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Why Linux is nowhere, part 1
Posted 01-19-2009 at 01:25 PM by AGer
Desktop Linux is nowhere in terms of the adoption rate. Just look at the w3schools statistics. Depending on how you look at it, Linux will either reach the psychologically important 5% level in 2 years or there is no adoption growth at all.
According to Distrowatch, Ubuntu is what most people are interested in. We know the new versions of Ubuntu are released months 4 at 10. The w3school data, accurate to 0.1%, do not show any peaks at these months. That is, a new Ubuntu release fails to convert even 1 person out of a thousand.
The Distrowatch usage itself, which is a bit hard to estimate because there is no readily available total, looks flat.
If I understand media reports correctly, the Linux share in the netbook market dropped from 100% to 30% in a year. My best guess is that Linux is just the way to negotiate a heavily discounted WindowsXP.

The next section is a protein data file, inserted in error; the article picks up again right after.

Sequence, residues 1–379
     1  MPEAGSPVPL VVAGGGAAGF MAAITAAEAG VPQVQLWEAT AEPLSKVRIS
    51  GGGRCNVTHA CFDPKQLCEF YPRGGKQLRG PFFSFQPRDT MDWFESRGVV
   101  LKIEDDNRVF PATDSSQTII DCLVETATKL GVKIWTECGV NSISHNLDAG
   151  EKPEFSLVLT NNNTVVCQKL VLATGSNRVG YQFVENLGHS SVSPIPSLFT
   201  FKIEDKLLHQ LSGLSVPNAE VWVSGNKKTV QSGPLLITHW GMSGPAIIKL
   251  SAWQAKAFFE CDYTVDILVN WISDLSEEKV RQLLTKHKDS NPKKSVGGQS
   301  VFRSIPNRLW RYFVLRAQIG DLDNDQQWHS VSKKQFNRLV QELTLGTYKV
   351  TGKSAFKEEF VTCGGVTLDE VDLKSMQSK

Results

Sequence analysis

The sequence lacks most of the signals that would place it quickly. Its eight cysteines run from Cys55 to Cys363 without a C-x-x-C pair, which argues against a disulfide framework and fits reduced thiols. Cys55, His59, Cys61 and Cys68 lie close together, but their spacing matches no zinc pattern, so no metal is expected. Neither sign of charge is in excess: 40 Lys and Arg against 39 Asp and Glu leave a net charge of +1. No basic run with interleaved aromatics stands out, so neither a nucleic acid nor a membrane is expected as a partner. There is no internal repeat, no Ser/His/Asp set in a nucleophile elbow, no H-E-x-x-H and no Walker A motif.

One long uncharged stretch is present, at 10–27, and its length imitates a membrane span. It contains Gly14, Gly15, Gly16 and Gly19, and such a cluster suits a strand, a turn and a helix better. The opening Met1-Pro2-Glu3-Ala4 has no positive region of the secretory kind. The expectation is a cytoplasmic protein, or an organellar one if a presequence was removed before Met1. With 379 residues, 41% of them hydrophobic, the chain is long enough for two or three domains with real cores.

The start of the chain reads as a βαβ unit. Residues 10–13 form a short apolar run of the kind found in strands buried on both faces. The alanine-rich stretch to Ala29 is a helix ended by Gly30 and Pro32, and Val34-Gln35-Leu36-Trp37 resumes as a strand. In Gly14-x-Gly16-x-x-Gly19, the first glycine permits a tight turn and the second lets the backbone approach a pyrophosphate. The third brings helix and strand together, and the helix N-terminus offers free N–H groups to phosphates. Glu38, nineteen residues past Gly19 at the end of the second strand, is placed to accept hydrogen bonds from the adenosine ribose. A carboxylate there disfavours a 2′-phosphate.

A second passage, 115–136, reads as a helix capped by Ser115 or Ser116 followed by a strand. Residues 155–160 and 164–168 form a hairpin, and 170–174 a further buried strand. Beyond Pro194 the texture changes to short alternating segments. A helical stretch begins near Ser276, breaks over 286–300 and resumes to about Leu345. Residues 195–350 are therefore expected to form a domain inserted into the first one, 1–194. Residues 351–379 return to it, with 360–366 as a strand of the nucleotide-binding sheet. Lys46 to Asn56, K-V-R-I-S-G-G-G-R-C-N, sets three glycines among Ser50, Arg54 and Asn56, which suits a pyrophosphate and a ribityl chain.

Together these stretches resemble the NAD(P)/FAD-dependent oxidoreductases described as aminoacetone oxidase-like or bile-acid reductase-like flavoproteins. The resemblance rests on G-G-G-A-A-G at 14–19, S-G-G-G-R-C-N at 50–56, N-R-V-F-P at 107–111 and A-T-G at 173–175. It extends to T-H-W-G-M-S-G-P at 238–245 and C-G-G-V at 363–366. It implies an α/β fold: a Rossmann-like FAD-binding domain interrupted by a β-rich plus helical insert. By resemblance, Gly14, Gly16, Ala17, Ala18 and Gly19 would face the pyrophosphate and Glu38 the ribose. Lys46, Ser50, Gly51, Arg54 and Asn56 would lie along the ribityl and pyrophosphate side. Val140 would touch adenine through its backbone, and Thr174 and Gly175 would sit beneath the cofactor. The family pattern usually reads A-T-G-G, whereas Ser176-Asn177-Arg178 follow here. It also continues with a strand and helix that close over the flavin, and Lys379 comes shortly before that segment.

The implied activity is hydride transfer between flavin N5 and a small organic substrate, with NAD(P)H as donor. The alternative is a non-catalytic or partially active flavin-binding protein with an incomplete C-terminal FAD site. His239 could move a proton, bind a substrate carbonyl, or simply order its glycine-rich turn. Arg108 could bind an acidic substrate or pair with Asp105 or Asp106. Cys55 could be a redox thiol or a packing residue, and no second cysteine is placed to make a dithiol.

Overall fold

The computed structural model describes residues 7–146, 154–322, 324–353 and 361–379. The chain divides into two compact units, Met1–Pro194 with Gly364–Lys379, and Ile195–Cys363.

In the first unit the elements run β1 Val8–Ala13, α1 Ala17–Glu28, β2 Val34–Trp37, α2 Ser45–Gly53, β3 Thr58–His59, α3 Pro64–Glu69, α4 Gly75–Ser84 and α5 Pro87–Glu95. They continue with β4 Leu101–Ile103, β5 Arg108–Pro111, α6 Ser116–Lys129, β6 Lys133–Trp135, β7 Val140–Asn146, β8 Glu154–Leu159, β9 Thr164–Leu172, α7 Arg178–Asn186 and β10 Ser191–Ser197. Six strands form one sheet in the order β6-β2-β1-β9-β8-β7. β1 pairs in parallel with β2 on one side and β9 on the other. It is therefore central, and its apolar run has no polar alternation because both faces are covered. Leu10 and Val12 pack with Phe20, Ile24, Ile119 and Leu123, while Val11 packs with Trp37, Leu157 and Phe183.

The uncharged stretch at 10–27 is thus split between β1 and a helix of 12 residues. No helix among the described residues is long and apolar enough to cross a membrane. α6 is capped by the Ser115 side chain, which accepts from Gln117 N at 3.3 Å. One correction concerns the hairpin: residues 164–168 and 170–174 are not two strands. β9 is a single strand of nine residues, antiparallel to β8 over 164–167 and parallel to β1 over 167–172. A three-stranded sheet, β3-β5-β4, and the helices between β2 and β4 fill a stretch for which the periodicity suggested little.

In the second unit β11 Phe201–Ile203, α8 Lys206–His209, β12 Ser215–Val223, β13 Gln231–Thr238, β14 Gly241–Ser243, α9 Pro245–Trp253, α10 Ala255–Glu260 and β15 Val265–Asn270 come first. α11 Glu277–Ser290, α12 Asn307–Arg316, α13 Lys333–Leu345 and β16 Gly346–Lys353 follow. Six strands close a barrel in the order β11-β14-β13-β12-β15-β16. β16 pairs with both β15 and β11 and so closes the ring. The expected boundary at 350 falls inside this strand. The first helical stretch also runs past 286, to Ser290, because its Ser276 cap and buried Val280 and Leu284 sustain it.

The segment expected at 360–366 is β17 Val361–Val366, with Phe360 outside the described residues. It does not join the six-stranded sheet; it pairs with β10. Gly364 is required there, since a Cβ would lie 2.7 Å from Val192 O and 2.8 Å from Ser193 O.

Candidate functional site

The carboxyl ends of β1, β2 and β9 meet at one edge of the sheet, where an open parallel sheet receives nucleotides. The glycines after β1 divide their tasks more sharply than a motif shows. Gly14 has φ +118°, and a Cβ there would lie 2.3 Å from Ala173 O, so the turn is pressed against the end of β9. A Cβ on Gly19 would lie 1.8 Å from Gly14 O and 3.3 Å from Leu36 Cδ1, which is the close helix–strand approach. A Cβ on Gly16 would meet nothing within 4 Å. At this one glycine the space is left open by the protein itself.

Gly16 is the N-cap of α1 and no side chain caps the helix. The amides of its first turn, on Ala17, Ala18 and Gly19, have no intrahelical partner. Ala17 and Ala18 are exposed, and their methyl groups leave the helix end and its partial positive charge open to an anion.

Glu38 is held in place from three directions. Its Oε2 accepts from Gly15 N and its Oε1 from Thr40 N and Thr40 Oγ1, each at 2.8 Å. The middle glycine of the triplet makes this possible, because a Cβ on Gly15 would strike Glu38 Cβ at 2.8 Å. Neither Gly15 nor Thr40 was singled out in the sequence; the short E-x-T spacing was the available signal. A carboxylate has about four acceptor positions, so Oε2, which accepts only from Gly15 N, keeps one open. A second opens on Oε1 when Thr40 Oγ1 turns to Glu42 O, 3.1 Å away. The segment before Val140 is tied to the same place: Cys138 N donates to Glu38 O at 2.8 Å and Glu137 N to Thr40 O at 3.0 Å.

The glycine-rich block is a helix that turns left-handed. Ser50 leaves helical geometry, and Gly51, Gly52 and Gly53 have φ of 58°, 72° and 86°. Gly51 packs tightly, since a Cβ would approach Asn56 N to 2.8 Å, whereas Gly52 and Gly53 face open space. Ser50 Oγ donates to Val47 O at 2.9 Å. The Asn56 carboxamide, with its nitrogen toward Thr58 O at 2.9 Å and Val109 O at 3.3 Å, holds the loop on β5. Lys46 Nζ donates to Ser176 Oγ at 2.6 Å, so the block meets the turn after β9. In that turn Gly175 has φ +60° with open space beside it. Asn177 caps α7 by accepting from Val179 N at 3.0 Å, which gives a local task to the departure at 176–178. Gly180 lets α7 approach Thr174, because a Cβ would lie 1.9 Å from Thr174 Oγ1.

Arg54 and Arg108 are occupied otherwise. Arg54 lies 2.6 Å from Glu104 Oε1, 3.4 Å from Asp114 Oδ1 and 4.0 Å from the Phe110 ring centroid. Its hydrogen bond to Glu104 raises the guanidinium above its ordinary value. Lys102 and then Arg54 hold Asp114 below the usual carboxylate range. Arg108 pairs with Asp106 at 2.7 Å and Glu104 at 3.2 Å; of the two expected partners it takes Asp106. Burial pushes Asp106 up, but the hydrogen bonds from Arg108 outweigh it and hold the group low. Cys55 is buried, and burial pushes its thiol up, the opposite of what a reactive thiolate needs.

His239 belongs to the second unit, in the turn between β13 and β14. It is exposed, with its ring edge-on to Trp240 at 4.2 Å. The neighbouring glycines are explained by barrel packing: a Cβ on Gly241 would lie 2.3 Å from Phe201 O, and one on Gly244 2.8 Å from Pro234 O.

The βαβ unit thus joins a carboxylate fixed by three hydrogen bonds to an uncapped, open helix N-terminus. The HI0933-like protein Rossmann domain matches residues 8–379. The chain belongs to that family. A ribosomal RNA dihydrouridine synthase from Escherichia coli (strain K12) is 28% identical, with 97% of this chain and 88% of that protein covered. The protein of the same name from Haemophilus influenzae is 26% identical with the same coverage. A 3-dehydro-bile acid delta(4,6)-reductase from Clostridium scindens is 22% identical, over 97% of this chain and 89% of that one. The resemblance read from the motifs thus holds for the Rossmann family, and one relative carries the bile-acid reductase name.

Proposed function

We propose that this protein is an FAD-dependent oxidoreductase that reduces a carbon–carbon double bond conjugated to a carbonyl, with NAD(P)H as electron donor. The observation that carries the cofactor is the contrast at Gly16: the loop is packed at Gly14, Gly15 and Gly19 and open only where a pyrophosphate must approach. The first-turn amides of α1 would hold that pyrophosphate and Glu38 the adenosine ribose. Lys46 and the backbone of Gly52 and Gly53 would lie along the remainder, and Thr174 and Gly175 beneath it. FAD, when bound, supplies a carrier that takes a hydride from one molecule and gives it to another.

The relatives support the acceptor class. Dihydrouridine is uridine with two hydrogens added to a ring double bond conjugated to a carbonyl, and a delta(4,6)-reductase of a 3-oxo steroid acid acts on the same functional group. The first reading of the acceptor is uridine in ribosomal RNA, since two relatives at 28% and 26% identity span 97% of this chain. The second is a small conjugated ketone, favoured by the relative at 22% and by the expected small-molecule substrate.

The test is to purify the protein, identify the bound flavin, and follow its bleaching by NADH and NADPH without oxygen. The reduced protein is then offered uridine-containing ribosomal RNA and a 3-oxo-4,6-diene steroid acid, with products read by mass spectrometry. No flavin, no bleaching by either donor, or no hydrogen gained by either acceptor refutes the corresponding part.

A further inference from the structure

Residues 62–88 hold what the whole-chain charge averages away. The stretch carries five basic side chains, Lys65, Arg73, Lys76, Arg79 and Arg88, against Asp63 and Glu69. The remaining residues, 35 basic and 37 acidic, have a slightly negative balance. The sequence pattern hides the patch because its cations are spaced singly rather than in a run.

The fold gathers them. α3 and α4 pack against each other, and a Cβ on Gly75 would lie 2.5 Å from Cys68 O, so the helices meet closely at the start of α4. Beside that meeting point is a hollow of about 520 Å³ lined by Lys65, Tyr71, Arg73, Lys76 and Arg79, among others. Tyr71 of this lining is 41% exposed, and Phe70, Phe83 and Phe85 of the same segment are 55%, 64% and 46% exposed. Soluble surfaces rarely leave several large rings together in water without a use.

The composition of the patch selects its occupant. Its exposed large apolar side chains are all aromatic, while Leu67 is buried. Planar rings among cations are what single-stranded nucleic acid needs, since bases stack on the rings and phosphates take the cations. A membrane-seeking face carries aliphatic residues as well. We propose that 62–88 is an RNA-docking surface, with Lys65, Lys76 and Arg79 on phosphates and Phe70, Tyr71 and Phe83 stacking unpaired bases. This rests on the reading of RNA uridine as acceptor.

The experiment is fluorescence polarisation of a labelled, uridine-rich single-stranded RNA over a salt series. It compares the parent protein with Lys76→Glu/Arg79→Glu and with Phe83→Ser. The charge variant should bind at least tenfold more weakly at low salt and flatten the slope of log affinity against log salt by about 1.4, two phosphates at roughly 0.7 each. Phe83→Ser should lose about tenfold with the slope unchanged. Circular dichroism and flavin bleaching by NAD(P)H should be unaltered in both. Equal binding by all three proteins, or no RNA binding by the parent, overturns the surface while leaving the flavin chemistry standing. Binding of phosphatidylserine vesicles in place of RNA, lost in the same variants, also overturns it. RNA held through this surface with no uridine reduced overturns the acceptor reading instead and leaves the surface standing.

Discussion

Remember Vista? It was expected to be good for Linux. Seeing Vista, people should run for Linux. That never happened, but I guess Vista was good for Linux because obviously seeing Vista people looked for alternatives. After Vista Linux cannot claim people do not use it because they do not know about it, and that is good.
So, the desktop Linux adoption is not only nowhere, it is not going anywhere as well. Please note the IS here, it is the key word.
This is the answer to the quoted question. Some comments and more wows are in part 2.
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